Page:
Fears for Northern Ireland loophole as UK prepares to ban live animal export

Three cows with tags in their ears, photo: Annie Spratt via Unsplash
Three cows with tags in their ears, photo: Annie Spratt via Unsplash

As the United Kingdom (UK) government prepares to ban the export of live animals, animal welfare organizations fear that Northern Ireland could present a loophole for farmers and traders seeking to move animals from England, Scotland and Wales to the rest of Europe. 

The proposed UK ban on live animal exports for slaughter, and fattening ahead of slaughter, is to be legalized by the Animal Welfare (Kept Animals) Bill that is currently on its way through the UK Parliament.

The ban is expected to come into force in England, Wales and Scotland – collectively known as Great Britain – early next year. 

In the UK-ruled Northern Ireland, however, no legislation for a ban appears to be on the horizon.

Questions sent to the Northern Irish agriculture ministry, DAERA, asking whether a similar ban on live animal exports would be imposed, were not answered, and animal welfare organizations have voiced a series of concerns about the potential live export loophole this presents.

Transport hub
The loophole exists because animal movements from Great Britain to Northern Ireland are not considered exports, because the animals remain within the UK. 

Once in Northern Ireland, it is then possible that animals could move relatively freely into the Republic of Ireland, an EU member, and beyond into the wider European Union.

“The [UK] Bill banning live exports currently before the Westminster Parliament applies to exports from England, Wales and Scotland,” said Peter Stevenson, an animal welfare lawyer with Compassion in World Farming. 

“But the law does not apply to Northern Ireland,” thanks to the post-Brexit agreement known as the Northern Irish Protocol. 

He said the protocol prohibits export restrictions between Northern Ireland and the EU, allowing for the free movement of goods, services, people, and live animals.

The lack of restrictions on Northern Irish exports could mean “a transport hub will emerge in Northern Ireland, that will continue to legally export live animals” from the UK to Europe and overseas, said Martina Stephany, farm animal director at animal welfare organization Four Paws.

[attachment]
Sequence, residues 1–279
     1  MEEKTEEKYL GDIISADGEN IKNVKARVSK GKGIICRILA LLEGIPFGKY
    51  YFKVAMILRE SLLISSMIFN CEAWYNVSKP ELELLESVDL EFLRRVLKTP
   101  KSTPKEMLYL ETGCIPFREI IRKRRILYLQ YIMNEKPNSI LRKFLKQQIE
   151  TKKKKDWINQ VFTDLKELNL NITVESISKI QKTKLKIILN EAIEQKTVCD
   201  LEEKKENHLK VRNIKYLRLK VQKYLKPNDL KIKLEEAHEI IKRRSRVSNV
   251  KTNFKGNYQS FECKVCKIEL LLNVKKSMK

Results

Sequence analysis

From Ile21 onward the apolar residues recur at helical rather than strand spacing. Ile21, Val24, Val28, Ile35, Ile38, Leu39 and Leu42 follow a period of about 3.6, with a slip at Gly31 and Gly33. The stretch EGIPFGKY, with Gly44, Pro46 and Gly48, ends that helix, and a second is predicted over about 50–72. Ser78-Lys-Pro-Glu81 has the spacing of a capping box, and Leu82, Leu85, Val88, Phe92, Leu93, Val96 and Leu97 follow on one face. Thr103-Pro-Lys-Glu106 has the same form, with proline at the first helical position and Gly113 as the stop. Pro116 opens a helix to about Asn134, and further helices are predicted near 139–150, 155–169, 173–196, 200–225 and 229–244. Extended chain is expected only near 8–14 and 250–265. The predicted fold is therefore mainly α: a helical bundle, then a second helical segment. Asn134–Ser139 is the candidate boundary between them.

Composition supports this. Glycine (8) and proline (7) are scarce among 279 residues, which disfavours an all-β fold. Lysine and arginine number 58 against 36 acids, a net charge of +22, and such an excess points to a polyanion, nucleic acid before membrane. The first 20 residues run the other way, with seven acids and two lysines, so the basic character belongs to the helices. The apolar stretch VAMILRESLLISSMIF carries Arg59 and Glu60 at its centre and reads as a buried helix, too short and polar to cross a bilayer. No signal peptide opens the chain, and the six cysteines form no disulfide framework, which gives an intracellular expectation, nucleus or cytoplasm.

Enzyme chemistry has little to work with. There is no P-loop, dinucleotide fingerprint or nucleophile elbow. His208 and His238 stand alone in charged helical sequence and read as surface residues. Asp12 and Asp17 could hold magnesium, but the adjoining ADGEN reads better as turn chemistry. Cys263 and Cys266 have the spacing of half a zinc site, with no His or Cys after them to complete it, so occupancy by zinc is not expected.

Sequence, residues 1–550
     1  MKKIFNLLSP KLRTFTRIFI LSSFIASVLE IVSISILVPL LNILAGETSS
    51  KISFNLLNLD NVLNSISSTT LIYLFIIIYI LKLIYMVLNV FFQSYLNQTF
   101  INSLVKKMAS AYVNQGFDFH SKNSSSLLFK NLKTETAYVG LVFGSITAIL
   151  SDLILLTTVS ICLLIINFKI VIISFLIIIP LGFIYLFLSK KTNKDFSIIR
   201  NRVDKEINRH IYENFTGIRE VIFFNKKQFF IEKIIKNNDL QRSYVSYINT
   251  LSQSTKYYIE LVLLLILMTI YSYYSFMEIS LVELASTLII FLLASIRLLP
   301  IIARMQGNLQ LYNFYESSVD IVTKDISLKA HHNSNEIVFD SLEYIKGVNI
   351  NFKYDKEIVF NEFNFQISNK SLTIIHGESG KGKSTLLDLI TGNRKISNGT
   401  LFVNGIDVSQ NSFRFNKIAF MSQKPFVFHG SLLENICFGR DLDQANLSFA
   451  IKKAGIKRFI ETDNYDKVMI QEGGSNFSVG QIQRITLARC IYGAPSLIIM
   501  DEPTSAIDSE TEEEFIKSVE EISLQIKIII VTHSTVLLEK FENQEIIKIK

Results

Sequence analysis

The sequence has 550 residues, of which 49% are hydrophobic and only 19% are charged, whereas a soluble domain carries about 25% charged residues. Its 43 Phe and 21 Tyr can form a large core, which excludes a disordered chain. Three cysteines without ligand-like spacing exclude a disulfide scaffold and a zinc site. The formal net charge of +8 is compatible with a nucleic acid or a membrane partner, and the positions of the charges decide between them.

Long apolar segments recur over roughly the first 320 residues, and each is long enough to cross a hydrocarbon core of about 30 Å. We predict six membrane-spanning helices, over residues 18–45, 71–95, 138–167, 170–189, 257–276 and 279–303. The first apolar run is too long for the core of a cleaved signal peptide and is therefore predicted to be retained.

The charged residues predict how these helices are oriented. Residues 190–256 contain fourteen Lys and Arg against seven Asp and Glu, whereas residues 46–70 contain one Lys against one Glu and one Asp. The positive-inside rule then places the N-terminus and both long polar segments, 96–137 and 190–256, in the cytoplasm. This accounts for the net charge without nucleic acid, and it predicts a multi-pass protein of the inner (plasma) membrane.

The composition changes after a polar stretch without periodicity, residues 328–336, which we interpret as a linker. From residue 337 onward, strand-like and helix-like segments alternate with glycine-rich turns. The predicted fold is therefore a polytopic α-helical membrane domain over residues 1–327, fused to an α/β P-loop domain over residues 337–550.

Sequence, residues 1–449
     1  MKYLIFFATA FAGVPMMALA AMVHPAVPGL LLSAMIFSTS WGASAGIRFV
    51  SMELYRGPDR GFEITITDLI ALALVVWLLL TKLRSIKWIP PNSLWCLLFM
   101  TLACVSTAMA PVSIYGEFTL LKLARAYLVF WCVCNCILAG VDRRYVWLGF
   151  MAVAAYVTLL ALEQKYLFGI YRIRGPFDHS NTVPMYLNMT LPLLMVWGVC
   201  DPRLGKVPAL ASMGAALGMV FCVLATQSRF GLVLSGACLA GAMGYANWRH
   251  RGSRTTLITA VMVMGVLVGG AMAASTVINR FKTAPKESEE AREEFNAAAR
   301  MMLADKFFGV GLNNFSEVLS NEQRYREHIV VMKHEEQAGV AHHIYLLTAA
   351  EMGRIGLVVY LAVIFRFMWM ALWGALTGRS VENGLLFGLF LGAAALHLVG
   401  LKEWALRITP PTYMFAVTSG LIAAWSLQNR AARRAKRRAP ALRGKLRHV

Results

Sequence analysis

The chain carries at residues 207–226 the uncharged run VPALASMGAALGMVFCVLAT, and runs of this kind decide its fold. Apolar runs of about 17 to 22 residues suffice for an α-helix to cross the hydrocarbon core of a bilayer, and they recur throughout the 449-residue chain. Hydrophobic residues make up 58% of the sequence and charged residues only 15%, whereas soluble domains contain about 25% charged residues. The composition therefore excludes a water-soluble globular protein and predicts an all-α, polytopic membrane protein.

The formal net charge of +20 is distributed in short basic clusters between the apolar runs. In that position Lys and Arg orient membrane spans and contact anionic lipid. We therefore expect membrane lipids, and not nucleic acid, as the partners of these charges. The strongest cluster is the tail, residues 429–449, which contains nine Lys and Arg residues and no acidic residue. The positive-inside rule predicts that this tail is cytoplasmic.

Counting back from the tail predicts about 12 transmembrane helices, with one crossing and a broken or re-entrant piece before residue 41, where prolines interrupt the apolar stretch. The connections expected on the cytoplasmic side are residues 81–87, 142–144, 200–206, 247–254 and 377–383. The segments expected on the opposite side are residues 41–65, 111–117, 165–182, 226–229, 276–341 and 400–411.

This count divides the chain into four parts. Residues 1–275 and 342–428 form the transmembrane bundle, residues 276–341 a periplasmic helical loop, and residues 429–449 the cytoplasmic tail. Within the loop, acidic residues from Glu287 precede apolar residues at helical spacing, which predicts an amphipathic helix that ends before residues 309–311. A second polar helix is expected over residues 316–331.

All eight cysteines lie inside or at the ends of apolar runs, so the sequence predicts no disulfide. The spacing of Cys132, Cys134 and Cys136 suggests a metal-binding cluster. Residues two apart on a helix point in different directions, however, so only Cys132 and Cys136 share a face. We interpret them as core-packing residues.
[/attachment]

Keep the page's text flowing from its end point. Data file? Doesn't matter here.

Live animal export loopholes
Stephany further warned that similar live export loopholes were already developing in Germany after certain states issued export bans and others did not.

“After individual federal states [in Germany] had issued export bans, the transports simply continued via other federal states or even other member states such as Hungary,” she said.

The best way to prevent both the German and Northern Irish loopholes, Stephany said, is for the EU to “urgently” pass legislation banning live animal exports.

Changing eartags on animals
The potential for Northern Ireland to become a live export loophole is “definitely a concern,” said Caroline Rowley, founder of Irish animal welfare organization Ethical Farming Ireland.

“The ferry companies from Scotland to Northern Ireland don’t take livestock for fattening or slaughter, but there are ways around that,” she said. 

“For example, livestock could be transported from Cairnryan [in Scotland] to Larne [in Northern Ireland] supposedly for breeding but then after a short resting period continue the journey through Ireland and on to continental Europe,” Rowley said.

Nicola Glen of animal welfare organization Eyes On Animals expressed similar concerns adding that once the animals arrive in Northern Ireland, their “eartags can be changed to NI [Northern Irish] tags after only a couple of days [meaning] they could journey on through the Republic and onto the continent.”

In a UK government press release issued 18 August, both the UK Environment Secretary, George Eustice, and the Welsh Minister for Rural Affairs, Lesley Griffiths, spoke in support of new laws that would ban the export of live animals for slaughter and fattening and implement higher welfare standards for animals in transport.

In Scotland, a legal mechanism known as a Legislative Consent Memorandum (LCM) is expected to bring the UK government’s proposed ban on live animal exports before the Scottish Parliament at the end of the year. The LCM will then pass directly into law, implementing the ban on live exports, or a vote may be required.


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